By Sheena Barnett/NEMS Daily Journal
The best small Southern towns are full of secrets, and the town of Second Samuel is no different.
It’s the secret of Second Samuel’s late matriarch, Miss Gertrude, that tears the town apart in Tupelo Community Theatre’s latest production, “Second Samuel.”
“Think ‘Steel Magnolias’ woven together with ‘To Kill a Mockingbird,’” said director Jonathan Martin. “It’s a comedy with a message.”
The play is set in the late 1940s in a small Georgia town called Second Samuel – so named because the first one burned down.
The town’s residents are familiar: the loud and funny hairdresser, Omaha (Suzanne Oakley); her quiet, understanding husband, Frisky (Bud Nelson); the all-knowing Doc (Danny McKenzie); the snooty pastor’s wife, Jimmy Deeane (Liz Dawson); and the story’s narrator, the simple-minded B-Flat (Todd Barnett). How each of these characters deal with the passing of Miss Gertrude and the revelation of her lifelong secret are at the heart of “Second Samuel.”
“Second Samuel,” a Pulitzer Prize-nominated play written by Pamela Parker, deals with “themes of tolerance of race, gender, personalities, disabilities and virtually anyone who is ‘different,’” Martin said.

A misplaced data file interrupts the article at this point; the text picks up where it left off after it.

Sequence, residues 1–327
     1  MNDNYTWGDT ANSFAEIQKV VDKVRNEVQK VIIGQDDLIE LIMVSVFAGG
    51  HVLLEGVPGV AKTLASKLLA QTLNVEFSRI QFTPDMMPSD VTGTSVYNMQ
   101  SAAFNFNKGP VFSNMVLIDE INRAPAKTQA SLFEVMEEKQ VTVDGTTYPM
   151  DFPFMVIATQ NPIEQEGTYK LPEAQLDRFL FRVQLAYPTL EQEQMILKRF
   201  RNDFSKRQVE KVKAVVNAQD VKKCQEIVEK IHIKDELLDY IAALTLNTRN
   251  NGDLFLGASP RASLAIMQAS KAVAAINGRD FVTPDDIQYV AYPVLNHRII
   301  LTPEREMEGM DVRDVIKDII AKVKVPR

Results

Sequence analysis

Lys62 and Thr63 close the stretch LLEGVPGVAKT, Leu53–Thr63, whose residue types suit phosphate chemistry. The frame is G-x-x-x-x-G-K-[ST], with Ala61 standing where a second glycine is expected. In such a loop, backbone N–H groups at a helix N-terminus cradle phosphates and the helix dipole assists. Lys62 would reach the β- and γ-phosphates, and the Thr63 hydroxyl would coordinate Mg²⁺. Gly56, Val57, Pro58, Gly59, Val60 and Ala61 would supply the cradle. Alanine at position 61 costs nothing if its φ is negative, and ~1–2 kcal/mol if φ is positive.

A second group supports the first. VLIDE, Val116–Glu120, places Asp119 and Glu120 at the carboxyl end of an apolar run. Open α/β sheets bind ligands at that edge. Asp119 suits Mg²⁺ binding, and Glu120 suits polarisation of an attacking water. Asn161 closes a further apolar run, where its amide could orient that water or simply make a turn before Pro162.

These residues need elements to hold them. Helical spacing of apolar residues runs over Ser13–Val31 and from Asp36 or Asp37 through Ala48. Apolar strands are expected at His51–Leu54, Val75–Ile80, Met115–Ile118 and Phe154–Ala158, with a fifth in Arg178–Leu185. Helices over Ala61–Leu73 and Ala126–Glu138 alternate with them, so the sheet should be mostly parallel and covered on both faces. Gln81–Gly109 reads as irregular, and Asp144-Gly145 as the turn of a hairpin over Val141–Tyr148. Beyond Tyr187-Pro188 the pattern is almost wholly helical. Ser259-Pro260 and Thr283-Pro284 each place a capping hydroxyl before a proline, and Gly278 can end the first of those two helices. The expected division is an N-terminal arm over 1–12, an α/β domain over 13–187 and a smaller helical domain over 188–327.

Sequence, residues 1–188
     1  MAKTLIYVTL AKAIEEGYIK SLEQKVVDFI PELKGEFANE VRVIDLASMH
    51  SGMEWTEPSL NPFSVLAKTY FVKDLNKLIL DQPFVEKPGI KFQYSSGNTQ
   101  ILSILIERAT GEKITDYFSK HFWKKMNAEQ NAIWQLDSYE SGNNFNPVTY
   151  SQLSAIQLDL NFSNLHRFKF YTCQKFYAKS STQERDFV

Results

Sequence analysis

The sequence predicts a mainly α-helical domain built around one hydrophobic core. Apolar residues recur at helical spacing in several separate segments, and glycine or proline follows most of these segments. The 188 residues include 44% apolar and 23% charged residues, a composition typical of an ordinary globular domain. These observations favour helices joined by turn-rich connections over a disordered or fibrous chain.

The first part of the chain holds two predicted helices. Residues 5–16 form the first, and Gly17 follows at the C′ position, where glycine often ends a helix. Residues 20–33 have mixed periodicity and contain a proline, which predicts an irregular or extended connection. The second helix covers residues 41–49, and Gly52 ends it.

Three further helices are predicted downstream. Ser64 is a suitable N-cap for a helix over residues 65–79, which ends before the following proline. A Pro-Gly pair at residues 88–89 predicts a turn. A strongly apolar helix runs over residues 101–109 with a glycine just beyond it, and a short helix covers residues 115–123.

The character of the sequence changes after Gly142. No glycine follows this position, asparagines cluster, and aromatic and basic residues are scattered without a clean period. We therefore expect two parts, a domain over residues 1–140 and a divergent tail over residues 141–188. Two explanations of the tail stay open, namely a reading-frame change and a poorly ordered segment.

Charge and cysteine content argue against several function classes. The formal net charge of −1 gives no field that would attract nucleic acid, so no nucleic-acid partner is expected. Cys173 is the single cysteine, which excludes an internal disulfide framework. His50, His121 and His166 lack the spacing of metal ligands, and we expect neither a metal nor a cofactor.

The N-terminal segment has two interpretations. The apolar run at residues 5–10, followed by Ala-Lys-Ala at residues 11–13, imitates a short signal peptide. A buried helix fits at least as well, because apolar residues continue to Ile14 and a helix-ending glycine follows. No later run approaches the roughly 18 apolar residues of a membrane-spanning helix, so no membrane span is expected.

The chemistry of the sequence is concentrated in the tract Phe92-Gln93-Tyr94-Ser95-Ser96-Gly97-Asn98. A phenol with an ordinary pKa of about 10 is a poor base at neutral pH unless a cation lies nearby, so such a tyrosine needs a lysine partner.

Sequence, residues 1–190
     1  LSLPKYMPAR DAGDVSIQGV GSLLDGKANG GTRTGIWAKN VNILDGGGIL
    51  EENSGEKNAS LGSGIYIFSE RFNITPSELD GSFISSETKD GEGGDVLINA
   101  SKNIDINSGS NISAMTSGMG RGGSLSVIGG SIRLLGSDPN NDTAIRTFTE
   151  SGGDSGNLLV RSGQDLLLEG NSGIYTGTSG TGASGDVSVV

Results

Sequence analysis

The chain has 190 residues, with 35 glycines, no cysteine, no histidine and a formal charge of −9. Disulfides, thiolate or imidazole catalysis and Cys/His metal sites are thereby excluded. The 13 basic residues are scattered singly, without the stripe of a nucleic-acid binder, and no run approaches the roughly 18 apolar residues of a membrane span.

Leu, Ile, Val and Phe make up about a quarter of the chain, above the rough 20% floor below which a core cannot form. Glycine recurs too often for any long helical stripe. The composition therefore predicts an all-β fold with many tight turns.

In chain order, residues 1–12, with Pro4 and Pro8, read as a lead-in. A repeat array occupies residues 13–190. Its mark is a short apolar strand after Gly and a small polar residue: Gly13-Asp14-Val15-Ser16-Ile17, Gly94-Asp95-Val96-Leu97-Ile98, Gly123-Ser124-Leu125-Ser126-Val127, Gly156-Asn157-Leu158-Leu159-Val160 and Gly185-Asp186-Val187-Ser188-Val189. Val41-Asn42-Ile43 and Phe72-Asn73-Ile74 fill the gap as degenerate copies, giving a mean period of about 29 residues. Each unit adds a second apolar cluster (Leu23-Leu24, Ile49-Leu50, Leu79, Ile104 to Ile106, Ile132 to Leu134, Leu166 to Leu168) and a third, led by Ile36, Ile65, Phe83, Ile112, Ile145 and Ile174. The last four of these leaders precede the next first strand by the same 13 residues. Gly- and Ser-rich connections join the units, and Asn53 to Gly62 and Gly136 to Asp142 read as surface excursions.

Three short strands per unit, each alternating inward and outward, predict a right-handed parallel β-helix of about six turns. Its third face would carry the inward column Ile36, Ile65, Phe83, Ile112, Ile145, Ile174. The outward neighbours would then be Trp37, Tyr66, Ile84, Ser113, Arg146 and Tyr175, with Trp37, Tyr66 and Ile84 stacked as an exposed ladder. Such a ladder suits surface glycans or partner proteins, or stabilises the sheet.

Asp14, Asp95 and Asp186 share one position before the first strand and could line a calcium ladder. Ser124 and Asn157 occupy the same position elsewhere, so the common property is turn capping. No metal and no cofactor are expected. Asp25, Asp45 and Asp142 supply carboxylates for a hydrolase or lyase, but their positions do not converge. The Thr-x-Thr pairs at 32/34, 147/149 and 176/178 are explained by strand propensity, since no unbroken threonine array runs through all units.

B-Flat, Ruby and more
For actor Todd Barnett, the role of B-Flat, a young man with unspecified disabilities, is a challenge.
“I’ve done quite a bit of research into people with disabilities,” Barnett said. “It’s that plus a lot of intuition. I do want to make him his own character.”
Another difficult role is that of Jimmy Deeane, played by Liz Dawson. Being snobby and saying mean things about her fellow Second Samuel residents is tough for the actress, she said.
“She’s pretty self-centered,” Dawson said. “It’s been challenging because she’s so not like me. It’s a stretch, and it’s fun to do, but it’s hard being that thoughtless and that selfish.”
Allana Austin is Ruby, who works at Omaha’s salon. Ruby’s one of the more even-keeled residents of Second Samuel, so she gets plenty of laughs trying to balance out the town’s more extreme personalities.
Still, Ruby has a part to play in a town that’s torn apart by scandal.
“It’s a play about people you know in life versus how you know them in death, and how people are remembered,” Austin said.
Anyone who’s lived or grown up in a small Southern town can relate to “Second Samuel,” Barnett said.
“There’ll be laughter, there’ll be tears, there’ll be very emotional scenes,” Barnett said, “and hopefully some lessons will be learned.”
What: Tupelo Community Theater presents “Second Samuel”
When: 7:30 p.m. Feb. 2-4, 2 p.m. Feb. 4
Where: Lyric Theater
Cost: $15/adults, $6/students
Info: (662) 844-1935